What Is the Name of a Young Lion?

Up until the age of three, young lions are referred to as cubs. Male lions are referred to as lions, whereas adult female lions are referred to as lionesses. A pride is the name for a pack of lions. Panthera leo is the lion’s scientific name.

Lions are frequently referred to be the “kings of the jungle” because they are always at the top of the food chain wherever they are found.

birth of a cub lion

It takes a female lion roughly 110 days to give birth after becoming pregnant. She usually departs from the pride to give birth to her cubs in a secure location away from potential predators. One to six cubs, generally between two and four, will be born after mom gives birth.

For a month or two, the small family will be absent from the pride. The mother lioness only takes her babies out at that time to forage for food; if she notices a danger, she will relocate the cubs to a safer area. Lion cubs have closed eyes during the first week after birth and are born blind. Within a few days, they can walk.

A lion cub’s size

A lion cub normally weighs between two and four pounds at birth, but an adult can weigh up to 550 pounds. The average length of an adult lion is nine to 10 feet. When fully grown, Asian lions weigh up to 418 pounds and measure between seven and nine feet in length.

What a Lion Cub Eats

Lion cubs must feed on their mother’s milk for the first few weeks of life. Around 10 weeks, they’ll start weaning, however they could nurse for another 10 to 12 weeks. A lion cub will suckle from any female who produces milk once the little family rejoins the pride, not only his or her own mother.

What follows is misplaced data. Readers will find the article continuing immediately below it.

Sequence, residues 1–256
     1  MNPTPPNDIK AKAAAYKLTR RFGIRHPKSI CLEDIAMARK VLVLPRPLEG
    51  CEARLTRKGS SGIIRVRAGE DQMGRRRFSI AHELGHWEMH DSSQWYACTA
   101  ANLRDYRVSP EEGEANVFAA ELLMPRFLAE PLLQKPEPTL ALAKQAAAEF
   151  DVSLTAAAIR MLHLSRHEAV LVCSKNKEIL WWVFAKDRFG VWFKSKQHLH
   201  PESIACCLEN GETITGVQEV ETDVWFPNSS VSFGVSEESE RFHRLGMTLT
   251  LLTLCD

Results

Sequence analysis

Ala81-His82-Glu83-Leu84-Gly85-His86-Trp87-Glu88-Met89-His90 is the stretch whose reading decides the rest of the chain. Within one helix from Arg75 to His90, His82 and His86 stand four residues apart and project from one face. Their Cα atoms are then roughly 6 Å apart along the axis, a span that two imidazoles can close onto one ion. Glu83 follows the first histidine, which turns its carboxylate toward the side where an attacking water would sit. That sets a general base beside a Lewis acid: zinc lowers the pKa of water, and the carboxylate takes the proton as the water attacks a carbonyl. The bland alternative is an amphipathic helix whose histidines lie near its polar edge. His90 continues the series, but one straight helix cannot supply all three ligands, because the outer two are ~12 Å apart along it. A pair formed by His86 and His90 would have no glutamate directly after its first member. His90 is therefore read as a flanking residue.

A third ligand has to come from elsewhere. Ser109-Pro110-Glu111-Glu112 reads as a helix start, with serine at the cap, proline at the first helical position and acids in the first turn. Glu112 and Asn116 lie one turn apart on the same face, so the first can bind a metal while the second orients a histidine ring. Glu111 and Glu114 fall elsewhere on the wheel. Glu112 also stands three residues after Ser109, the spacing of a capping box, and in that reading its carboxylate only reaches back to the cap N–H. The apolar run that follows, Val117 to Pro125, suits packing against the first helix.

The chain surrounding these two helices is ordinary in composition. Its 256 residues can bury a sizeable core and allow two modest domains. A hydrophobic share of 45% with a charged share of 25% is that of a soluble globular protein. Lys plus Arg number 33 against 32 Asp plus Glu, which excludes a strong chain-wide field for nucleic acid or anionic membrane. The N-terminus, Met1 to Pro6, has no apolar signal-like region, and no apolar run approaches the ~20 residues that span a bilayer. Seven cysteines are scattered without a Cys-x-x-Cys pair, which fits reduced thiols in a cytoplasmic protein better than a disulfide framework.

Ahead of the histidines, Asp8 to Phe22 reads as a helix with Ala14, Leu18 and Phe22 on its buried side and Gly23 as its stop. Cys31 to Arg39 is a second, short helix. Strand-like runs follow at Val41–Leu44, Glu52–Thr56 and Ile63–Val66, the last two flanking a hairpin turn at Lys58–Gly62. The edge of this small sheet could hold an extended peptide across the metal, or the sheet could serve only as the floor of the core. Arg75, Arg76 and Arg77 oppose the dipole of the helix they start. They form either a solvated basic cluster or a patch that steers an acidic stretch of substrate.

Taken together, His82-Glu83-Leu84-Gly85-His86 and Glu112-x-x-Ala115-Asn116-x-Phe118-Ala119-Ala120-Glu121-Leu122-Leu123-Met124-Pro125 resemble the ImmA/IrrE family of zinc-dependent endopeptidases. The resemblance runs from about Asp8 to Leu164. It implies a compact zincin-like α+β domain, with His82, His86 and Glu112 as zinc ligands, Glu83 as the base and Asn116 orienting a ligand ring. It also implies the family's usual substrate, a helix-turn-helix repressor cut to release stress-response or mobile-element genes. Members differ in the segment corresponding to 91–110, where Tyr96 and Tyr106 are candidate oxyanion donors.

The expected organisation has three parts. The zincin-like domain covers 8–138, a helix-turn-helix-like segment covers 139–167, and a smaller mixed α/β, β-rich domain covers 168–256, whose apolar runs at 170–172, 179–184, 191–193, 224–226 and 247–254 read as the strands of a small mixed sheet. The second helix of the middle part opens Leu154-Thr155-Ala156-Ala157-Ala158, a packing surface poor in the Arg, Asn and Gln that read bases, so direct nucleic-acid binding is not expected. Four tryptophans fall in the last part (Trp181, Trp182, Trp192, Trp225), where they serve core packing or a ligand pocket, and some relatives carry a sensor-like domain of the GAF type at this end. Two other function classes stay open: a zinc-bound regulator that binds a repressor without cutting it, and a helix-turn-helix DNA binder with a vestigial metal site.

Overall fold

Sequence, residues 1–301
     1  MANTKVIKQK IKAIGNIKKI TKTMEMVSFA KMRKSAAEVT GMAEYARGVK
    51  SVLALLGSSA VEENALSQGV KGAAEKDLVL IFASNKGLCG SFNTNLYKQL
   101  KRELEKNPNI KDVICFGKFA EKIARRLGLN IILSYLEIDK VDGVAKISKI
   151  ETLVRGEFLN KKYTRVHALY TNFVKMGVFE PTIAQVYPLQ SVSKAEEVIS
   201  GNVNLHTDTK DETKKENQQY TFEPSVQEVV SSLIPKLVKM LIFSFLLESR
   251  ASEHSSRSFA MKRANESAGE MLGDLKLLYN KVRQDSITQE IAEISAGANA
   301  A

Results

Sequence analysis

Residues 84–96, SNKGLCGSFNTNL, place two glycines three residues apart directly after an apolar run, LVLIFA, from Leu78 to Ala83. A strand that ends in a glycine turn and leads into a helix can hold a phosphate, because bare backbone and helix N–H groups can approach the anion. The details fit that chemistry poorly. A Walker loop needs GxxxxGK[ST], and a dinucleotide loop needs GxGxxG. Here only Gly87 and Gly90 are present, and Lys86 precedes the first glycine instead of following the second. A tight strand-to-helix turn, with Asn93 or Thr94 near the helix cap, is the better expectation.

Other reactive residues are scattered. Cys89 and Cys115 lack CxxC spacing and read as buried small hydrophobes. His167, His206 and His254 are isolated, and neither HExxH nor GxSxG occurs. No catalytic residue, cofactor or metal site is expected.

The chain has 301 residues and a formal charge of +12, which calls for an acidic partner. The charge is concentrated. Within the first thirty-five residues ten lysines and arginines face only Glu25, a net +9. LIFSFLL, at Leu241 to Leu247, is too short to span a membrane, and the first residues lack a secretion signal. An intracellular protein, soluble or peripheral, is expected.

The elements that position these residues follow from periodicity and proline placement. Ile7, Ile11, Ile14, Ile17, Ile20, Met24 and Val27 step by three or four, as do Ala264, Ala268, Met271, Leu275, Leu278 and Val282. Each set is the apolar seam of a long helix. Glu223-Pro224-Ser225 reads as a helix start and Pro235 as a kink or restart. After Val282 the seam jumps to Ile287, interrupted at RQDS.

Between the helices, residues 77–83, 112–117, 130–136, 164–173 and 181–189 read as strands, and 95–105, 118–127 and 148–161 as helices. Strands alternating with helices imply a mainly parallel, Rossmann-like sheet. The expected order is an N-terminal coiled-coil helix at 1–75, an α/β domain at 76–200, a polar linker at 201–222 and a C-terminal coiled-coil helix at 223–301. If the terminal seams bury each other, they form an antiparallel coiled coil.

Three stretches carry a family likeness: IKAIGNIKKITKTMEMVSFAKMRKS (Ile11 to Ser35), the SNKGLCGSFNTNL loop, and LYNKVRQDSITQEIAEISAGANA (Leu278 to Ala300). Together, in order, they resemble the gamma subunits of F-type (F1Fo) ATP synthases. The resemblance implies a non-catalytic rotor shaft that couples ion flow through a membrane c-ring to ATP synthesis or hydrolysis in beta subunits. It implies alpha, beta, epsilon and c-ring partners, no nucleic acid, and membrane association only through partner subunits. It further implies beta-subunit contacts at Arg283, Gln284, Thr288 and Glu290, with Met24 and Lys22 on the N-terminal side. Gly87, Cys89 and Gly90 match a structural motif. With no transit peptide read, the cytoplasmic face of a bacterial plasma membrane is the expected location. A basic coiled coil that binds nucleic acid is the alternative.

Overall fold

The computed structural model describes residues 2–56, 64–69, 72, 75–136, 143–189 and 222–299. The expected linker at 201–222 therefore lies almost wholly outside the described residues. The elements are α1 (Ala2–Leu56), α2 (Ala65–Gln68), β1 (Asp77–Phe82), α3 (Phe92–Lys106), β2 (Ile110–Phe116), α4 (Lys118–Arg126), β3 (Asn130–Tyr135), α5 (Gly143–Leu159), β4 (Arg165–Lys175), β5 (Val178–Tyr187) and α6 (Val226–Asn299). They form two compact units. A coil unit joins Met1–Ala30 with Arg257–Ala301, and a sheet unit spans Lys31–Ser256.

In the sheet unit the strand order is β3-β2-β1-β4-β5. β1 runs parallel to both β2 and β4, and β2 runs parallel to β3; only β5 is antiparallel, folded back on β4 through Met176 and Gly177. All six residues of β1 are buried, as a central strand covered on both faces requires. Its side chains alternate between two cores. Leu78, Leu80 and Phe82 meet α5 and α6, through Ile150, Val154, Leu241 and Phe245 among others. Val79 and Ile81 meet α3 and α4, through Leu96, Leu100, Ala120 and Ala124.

Lion cubs start consuming solid food around 10 weeks old. The youngsters of a pride eat the leftovers after the adults have had their fill from each kill. Even though they stay with their mothers for an additional year or two, cubs normally learn how to hunt alone around the age of one and can collect their own food by the time they are two.

How a Lion Cub Lives

The mother lioness will bring her young cubs back to the pride after spending a month or two apart. Depending on the availability of food and water, prides can contain up to 40 more lions. Prides are made up of primarily females and one to three males.

The other adults in the pride, especially the males, can be a threat as well as a source of assistance in raising the cubs. A new male lion that wants to mate with the mother of the pride may try to murder the cubs of other male lions.

While female lion cubs may remain together for life, male lion cubs typically abandon their moms as they age. For the first few of years, lion cubs are quite playful, and as they get to know the other members of their pride, they may even try to play with the most dominant ones. The father of a lion cub does not assist in raising it, but he will defend them if a predator comes after them.

Predators and Lion Cubs

A lion in the wild normally lives up to 10 years, although they can live up to 25 years in captivity. Surviving the first year is the first obstacle, though. The majority of lion cubs—up to 80%—do not live to see their first birthdays.

The primary cause of this is the cub’s innate predators. While their moms are off hunting, hyenas, eagles, wild dogs, jackals, snakes, leopards, and other huge creatures pursue little cubs. When cubs are not killed by predators, they may be abandoned by their mothers, who are then slain by human hunters, or they may be killed by the new male lions in the pride.

Misha Khatri
Misha Khatri is an emeritus professor in the University of Notre Dame's Department of Chemistry and Biochemistry. He graduated from Northern Illinois University with a BSc in Chemistry and Mathematics and a PhD in Physical Analytical Chemistry from the University of Utah.

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